“Standing up” an online presence

I’m working on a new project for a web-based application. So, I’ve been going through the motions of “standing up” the online presence for this website. For me, this is what this entails:

  • Source Control – in my case, this means using http://tfs.visualstudio.com, setting up a project, and then sharing it with the project team. Also, when I set up a website in Azure, I can setup Continuous Delivery of my changes from TFS to Azure automatically.
  • Website – in my case, setting up a new Azure website – and then getting the domain pointed over there. This can be a pain, but once it’s done, it’s fine. In order to do this, you must upgrade your “website” from “Free” to at least “Shared”, so that you can attach your own domain name to it. When you are on the dashboard page for that domain, click on the “Manage Domains” icon in the bottom navigation to get started.
  • Email – in case you are not aware, both Microsoft and Google both will host your e-mail for FREE, and you can even point your mail.whatever.com address at it – AND include branding (your logo/colors) – AND include groups and even rules for the users. For example, if you wanted to add a legal disclaimer to all outbound e-mails. Isn’t that nice of them! Well, if you read the fine print – it’s because they want to scan all of your email and sell it to marketers. However, for what I’m doing, I don’t really care about that. UPDATE: you can set up Gmail for free, but it looks like they want to charge $5/month – this used to be free, not sure if it still is?
  • Twitterset up a twitter account, with the logo of your product/company
  • Facebookset up a company or product page, with the logo, description, etc for the product/company. This is different than a person page – this is an organization page where people “like” it, to see your updates.
  • “File share” – one thing that project teams need is a file share to put files. With SkyDrive or Dropbox for example, you can easily create a folder and “securely” share it with the other people on the team. Plus, with the companion Windows applications for Dropbox for example, it will synchronize to your local hard drive too.
  • OneNote – one very effective way to keep track of notes, meeting minutes, etc is to use OneNote. Again, with something like SkyDrive (in particular) – or Dropbox, you can create a shared OneNote notebook for everyone on the team to share and view.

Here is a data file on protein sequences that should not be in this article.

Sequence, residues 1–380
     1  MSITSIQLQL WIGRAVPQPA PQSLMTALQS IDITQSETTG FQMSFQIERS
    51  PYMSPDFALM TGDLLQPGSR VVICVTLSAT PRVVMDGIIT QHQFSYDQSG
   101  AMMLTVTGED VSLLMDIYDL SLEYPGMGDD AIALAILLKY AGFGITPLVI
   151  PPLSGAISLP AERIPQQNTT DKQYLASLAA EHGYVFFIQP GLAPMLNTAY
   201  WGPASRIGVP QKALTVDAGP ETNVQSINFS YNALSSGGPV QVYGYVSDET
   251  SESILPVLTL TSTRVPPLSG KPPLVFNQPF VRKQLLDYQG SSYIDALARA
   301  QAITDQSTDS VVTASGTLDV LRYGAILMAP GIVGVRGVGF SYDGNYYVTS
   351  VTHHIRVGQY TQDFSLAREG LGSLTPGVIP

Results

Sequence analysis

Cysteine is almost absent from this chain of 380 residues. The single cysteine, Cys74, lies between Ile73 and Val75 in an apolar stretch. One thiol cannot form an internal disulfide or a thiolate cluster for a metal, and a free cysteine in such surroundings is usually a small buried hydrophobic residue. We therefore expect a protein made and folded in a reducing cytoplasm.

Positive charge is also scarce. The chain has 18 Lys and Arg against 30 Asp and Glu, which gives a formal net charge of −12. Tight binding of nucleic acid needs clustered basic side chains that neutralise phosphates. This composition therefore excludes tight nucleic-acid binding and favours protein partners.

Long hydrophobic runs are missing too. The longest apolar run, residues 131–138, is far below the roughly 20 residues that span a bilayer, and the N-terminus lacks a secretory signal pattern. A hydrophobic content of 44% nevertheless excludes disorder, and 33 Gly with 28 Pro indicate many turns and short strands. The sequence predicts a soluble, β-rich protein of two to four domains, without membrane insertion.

• WebEx – if you need to do sharing or video-conferencing with more than one person, you can create a free account where you can have a web conference with up to 3 people.

The purpose of this post was really two-fold. 1) to write down the links needed to do some of these things. For example, the Microsoft e-mail link and the Facebook startup page I can never find. And 2) it just hit me what a time we live in – allow me to elaborate.

If you are a software startup company, you basically need to spend $35 for a domain name – and then host your website someplace for a month. In that time, you apply for, and get BizSpark. BizSpark gives you all the Microsoft software – and it gives you plenty of Azure time to host a website, so you move your website over to Azure.

From that point on, that’s it. That is all of the startup costs for your new venture. ALL of the things I mentioned above in the list are all FREE to do. There has never been a time when you could start a company so cheaply. In reality, the only time where cost might come up is when you start getting a lot of traffic on your Azure website. Hopefully that also corresponds with income! You also might want to become incorporated, for legal protection – if your company starts taking off too – that is about $50-150 per year.

We live in a pretty amazing time – and for the moment, the US and A is still a pretty fertile place to create a new company!

Posted in Azure, Computers and Internet, Organization will set you free, Professional Development, Team Foundation Server, Uncategorized

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